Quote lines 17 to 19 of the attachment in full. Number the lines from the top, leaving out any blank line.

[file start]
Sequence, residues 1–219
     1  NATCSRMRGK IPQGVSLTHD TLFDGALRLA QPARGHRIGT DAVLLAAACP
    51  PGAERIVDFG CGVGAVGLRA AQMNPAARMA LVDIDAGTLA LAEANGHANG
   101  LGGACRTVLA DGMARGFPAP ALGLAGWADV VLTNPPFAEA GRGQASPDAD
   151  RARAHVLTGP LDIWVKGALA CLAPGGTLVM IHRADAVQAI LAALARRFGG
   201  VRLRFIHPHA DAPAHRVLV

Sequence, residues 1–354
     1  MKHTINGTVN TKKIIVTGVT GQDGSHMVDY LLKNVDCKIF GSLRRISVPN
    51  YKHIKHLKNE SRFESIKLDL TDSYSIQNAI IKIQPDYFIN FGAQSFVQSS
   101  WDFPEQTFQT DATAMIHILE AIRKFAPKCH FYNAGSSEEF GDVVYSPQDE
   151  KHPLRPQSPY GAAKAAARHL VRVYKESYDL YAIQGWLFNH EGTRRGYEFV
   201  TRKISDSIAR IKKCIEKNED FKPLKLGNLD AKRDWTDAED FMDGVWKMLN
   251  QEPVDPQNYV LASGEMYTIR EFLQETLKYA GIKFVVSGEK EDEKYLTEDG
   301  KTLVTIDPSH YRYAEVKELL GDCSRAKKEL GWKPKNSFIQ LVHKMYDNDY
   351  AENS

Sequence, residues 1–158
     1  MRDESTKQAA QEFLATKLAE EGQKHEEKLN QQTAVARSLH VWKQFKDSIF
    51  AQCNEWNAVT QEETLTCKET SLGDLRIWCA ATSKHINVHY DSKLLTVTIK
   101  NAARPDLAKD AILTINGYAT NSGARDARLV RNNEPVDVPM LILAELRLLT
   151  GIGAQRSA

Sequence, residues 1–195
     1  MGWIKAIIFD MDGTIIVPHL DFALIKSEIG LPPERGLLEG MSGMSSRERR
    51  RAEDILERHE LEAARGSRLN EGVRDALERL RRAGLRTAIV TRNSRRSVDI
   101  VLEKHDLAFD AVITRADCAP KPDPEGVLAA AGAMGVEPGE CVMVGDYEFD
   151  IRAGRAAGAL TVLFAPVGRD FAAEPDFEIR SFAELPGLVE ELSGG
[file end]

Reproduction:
     1  MRDESTKQAA QEFLATKLAE EGQKHEEKLN QQTAVARSLH VWKQFKDSIF
    51  AQCNEWNAVT QEETLTCKET SLGDLRIWCA ATSKHINVHY DSKLLTVTIK
   101  NAARPDLAKD AILTINGYAT NSGARDARLV RNNEPVDVPM LILAELRLLT